Creating My Education

Perhaps one of the greatest challenges about part-time graduate school is scheduling. With a job that requires a lot of nights and weekends, building a schedule that allows me to actually make it to my classes and continue my program in a direction that actually can lead to an M.A. in Global Communication from GW.

Summers are among the most difficult times for such things. With a compressed schedule, once a week classes meet twice, meaning that classes often overlap. Professors, looking to get research done when they aren’t grading hundreds of undergraduates, take time away. Those that stick around struggle to fill classes.

For the first time, I’m contemplating an independent study as a graduate student. I’d like to build a course addressing the way American policies and politics impact the construction of public diplomacy and aid operations. Though PD officers and leaders can ask for the tools they need to handle the challenges of their work, it is Congress and all of the interests that surround it that control the hardware store. Navigating the myriad committees, think tanks and bureaucratic postures to get buy-in is a fascinating, challenging, and arguably counter-productive way to do one’s job, and I’d like to analyze how all of that gets built.

I haven’t yet reached out to a faculty member, and I’m only just beginning to construct my personal syllabus to present to whoever sponsors me. I want to take full ownership of this, because I feel this is an opportunity to take a critical next step in my educational experience.

Much of my journey thus far has  been deferential. I take it at face value that the faculty I learn from know exactly what they’re talking about and have the right approaches to the subjects at hand. I have taken it for granted far too often that an article that is peer-reviewed in a subject that I am unfamiliar with has to be well-constructed, logical and true. I now think, however, that graduate school is about stepping into the ring and arguing on behalf of a different view. It is about challenging my assumptions and the research and methodologies and saying that that’s not right.

One day, I’d love to start combing through those fundamental articles that built my understanding of political communication and tackling them a second time. Those books and articles about how people understand the world around them, how politics is communicated through theater and how the press relates to the public and government have become my Catechism. Was I right to accept that?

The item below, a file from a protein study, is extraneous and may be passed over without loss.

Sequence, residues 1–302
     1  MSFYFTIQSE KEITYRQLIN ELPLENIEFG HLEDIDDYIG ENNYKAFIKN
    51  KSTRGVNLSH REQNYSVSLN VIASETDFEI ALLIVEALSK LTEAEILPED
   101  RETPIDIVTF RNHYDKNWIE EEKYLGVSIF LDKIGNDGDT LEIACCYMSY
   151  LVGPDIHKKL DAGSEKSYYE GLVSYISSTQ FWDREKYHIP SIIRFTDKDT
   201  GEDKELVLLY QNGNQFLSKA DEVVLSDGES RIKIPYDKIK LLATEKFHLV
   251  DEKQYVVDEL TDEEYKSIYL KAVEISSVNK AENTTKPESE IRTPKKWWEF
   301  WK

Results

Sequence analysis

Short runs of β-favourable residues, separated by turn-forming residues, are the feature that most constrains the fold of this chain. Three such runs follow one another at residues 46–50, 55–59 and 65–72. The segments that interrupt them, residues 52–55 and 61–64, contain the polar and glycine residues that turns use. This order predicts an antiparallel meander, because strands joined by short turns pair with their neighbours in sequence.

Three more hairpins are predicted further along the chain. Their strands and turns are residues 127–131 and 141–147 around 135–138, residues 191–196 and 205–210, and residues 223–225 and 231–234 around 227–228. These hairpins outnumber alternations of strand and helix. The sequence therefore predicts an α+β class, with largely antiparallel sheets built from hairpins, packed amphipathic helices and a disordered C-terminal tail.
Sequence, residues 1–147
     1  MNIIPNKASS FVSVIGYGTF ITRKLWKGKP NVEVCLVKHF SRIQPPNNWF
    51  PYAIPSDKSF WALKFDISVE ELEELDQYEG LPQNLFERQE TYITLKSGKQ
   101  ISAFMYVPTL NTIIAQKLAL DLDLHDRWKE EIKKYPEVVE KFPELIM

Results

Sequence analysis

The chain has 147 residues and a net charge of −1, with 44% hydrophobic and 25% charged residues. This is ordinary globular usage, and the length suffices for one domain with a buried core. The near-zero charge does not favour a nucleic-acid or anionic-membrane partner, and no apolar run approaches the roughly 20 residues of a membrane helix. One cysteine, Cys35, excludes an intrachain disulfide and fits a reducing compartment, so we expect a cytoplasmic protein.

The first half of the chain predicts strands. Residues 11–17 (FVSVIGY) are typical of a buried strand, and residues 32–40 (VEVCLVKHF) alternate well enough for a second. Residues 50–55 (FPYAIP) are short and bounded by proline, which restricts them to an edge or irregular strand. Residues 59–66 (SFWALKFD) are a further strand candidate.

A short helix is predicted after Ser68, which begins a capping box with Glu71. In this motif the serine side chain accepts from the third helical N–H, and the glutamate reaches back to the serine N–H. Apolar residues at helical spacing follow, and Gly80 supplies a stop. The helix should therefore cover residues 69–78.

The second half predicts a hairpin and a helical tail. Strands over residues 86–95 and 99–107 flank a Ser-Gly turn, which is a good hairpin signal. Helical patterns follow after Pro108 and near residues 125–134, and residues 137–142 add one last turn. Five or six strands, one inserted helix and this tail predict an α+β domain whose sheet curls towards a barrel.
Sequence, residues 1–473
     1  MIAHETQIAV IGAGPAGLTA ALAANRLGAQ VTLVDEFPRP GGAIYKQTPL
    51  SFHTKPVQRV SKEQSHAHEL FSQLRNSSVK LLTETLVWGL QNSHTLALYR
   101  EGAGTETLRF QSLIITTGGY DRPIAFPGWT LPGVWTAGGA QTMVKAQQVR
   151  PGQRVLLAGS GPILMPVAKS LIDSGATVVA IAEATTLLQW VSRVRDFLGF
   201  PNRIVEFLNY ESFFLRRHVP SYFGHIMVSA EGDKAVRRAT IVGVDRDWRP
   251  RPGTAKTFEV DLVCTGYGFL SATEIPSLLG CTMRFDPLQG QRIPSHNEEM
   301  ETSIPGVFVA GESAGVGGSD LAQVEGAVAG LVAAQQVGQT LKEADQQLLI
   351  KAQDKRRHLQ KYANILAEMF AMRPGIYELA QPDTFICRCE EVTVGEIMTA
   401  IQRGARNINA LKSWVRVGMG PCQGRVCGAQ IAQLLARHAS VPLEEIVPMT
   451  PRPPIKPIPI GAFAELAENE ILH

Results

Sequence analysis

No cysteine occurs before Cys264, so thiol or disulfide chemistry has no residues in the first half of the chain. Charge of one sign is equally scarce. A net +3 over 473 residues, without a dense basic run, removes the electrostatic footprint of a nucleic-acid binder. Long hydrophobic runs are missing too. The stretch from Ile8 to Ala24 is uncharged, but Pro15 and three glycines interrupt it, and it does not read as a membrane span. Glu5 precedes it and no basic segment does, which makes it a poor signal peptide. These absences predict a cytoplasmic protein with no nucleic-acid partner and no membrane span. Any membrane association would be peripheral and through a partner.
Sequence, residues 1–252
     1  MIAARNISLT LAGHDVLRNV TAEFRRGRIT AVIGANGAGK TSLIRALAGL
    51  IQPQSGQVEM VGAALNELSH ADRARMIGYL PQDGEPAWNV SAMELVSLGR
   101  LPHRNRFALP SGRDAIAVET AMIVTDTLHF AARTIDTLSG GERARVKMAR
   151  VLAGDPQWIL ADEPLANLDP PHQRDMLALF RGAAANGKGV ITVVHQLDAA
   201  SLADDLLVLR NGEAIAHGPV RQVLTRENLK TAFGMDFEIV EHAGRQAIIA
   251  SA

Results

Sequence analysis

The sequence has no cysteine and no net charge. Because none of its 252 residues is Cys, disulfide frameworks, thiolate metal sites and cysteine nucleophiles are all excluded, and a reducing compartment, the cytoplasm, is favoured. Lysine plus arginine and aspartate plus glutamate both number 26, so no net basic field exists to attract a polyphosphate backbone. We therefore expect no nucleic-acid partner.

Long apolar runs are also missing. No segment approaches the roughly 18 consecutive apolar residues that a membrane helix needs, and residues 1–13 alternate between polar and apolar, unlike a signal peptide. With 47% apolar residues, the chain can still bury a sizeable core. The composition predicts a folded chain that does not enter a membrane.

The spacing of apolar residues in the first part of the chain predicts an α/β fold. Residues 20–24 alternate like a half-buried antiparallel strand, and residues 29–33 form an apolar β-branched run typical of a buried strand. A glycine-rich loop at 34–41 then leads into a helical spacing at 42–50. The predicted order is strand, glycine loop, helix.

All that said, I want to assemble a curriculum that makes sense to me, engage it the way I think it needs to be engaged, and synthesize it in a way that I become arbitrator rather than passive receiver. Before I reach out to anyone with determined expertise and experience, I want to see if I can do it right on my own.

That said, to all the PD folks who at one time or another bookmarked my blog and thought it disappeared forever, please please please send suggested readings. GAO docs, peer reviewed articles, books, news stories, blog posts, whatever. I’m going to aim high this summer, and would love some of your suggestions as I put together my plan.

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One Response to Creating My Education

  1. Jay says:

    A huge gradschool moment for me was questioning an article by my major professor, who is one of the great academic minds in PR, and her giving constructive feedback in response. Good grad school, especially in communication fields, is necessarily about questioning underlying assumptions. As a field of study, communication in general and certainly poli comm is way too young for stuff to be considered sacred text. Plus, so many theories even from a decade or two ago failed to account for a ton of elements that could never be expected.

    Hell, my thesis from eight years ago on the relationship between journalists and PR pros re: ethics reads like something from the stone ages.

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